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Can Utah’s centrists provide refuge for the disillusioned?

A new party called United Utah says that it is ‘Practical Not Partisan.’


Jim Bennett, a congressional candidate in the upcoming special election in Utah’s 3rd District, always considered himself a loyal Republican. But that began to change in 2010 when his father, three-term Sen. Bob Bennett, lost the party’s nomination, blocked by Tea Party Republicans who didn’t find him conservative enough. Jim Bennett, who ran his father’s final campaign, grew increasingly frustrated with his party’s direction. “Right when Donald Trump secured the Republican nomination,” he says now, “I decided I didn’t want to be a Republican anymore.”

Meanwhile, a Utah professor was also feeling politically disillusioned — but with the Democratic Party, which he felt had moved too far to the left, and which has long lacked power in this mostly red state. Richard Davis, who teaches political science at Brigham Young University, contacted Bennett last year about the prospect of creating a centrist party. “For those who are moderates in either party, or just Independents, there was no political home,” says Davis. Thus began the United Utah Party, with Davis as party chair and Bennett as executive director.

Jim Bennett, center, has helped organize a new, moderate party for disillusioned Republicans and Democrats called the Utah United Party. He is also the party’s candidate for the special election to replace Rep. Jason Chaffetz.
Steve Griffin /The Salt Lake Tribune

Calling itself “Practical Not Partisan,” United Utah is courting voters who, like Bennett and Davis, have grown disillusioned with the two major parties. The nascent party originally hoped to begin fielding candidates in state and local races in 2018, but its first foray came sooner and at a higher level than expected: It was still collecting signatures to become a qualified party when Rep. Jason Chaffetz, R-Utah, announced plans to step down. The United Utah team lurched into high gear, eager to use the Nov. 7 special election to introduce itself to the state — and particularly to Utah’s 3rd Congressional District. Bennett, who thought he’d left politics behind after the tumult of his father’s failed re-election bid, knew the party needed a candidate who was “willing to stick their neck out.” He volunteered to run.


Some of the planks in United Utah’s platform tilt to the right: pro-Second Amendment, anti-abortion with certain exceptions. But others lean left: support for increased funding for public education, a more liberal stance on immigration. According to Bennett, this mix reflects the values of many Utah voters, the majority of whom belong to the Church of Jesus Christ of Latter-day Saints. “In terms of what people actually believe, Utah is quite moderate,” he says. “We’re not in lockstep with the party on issues like immigration or public lands or health care.” Mormons typically don’t vote Democratic, though, because candidates “take too many positions that are too liberal for the districts in which they are running,” says Jeremy Pope, co-director of the Center for the Study of Elections and Democracy at Brigham Young University.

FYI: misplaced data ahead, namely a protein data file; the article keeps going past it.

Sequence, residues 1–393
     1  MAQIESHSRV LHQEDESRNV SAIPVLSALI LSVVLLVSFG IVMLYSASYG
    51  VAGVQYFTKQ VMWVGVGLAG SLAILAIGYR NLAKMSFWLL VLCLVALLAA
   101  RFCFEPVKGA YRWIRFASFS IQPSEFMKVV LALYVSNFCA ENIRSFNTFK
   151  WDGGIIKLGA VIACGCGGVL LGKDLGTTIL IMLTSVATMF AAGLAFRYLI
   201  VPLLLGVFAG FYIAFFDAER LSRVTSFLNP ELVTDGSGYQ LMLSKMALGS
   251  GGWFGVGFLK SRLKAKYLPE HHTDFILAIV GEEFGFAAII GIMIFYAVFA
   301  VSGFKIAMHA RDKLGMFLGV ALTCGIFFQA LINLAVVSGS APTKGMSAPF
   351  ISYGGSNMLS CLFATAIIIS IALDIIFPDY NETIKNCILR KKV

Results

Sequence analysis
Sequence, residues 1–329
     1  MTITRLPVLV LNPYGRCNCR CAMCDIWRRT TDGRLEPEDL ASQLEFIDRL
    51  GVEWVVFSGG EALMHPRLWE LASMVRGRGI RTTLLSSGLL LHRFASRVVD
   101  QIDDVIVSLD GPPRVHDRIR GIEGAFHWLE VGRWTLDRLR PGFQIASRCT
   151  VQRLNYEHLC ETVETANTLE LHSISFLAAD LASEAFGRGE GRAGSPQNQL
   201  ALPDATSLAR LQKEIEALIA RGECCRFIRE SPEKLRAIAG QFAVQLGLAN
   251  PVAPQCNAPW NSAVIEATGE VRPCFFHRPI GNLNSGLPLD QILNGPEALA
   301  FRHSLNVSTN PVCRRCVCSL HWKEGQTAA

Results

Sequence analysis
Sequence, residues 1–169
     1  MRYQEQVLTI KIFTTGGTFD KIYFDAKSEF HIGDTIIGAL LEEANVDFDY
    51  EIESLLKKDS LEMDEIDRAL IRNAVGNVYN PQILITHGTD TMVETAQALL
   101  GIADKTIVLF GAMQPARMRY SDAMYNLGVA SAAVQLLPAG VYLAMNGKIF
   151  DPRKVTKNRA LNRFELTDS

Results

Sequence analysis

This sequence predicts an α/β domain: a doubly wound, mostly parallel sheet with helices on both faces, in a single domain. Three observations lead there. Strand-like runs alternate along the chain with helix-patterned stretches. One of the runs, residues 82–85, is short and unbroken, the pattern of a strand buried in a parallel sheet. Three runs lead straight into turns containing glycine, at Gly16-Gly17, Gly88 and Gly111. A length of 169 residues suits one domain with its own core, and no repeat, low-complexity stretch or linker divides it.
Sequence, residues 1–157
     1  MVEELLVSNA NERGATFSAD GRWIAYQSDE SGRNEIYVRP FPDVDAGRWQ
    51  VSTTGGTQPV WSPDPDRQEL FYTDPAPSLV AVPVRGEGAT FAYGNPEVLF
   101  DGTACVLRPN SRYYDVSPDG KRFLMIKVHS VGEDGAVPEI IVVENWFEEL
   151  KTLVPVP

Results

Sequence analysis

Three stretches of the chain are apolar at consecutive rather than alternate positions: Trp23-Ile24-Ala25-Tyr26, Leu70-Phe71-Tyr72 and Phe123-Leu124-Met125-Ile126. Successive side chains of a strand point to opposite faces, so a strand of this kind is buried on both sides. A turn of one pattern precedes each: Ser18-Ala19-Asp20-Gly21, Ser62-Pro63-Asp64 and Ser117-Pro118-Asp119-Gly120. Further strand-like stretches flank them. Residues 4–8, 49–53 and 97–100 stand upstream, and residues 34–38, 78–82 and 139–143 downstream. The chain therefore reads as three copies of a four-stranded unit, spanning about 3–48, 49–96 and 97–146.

The 2016 presidential election clearly showed that Utah voters wanted another option: Trump’s apparent morality did not align with LDS beliefs. A damning speech by 2012 Republican presidential nominee Mitt Romney, a Mormon whom many Utahns revere, solidified their opposition: “Donald Trump is a phony, a fraud,” Romney said before the primary. Trump earned 46 percent of the vote in the state, with 21 percent going to Evan McMullin, a center-right independent candidate. And McMullin did particularly well in Utah’s 3rd District, which includes Provo, Orem and Price as well as Moab and Monticello.

“Usually, the party that is considered the dominant party in national politics stirs up more third-party offshoots,” notes James Curry, assistant professor of political science at the University of Utah. The emergence of United Utah is therefore no surprise; a Republican stronghold where Trump performed poorly is a logical place for a centrist movement. “For someone who wants to make noise,” says Curry, “it’s a signal that this is a good state to do it.”

But history has not favored third parties. They tend to be short-lived, and they rarely win major elections. Most voters are staunchly partisan — more so than they think — and those attachments prove hard to break, says Curry. Even when voters express doubt about candidates early on, most revert to familiar party lines on Election Day. The moderate, well-liked Republican candidate, Provo Mayor John Curtis, is favored to win the special election. If a farther-right candidate had won the primary, it might’ve created more space for Bennett. As it stands, Pope suspects Bennett will take more votes from the Democratic nominee, Kathie Allen.

United Utah is both a symptom and a result of nationwide dissatisfaction with both parties, so what percentage of the vote Bennett receives will be instructive. The party’s emergence, according to Curry, indicates that we’ll soon see some shifts in the Republican coalition as the GOP grapples with its growing fissures. “It’s a sign,” says Curry, “that you’re going to see some strife and upheaval in the Republican Party in the next four to eight years.”

Rebecca Worby is an editorial fellow at High Country News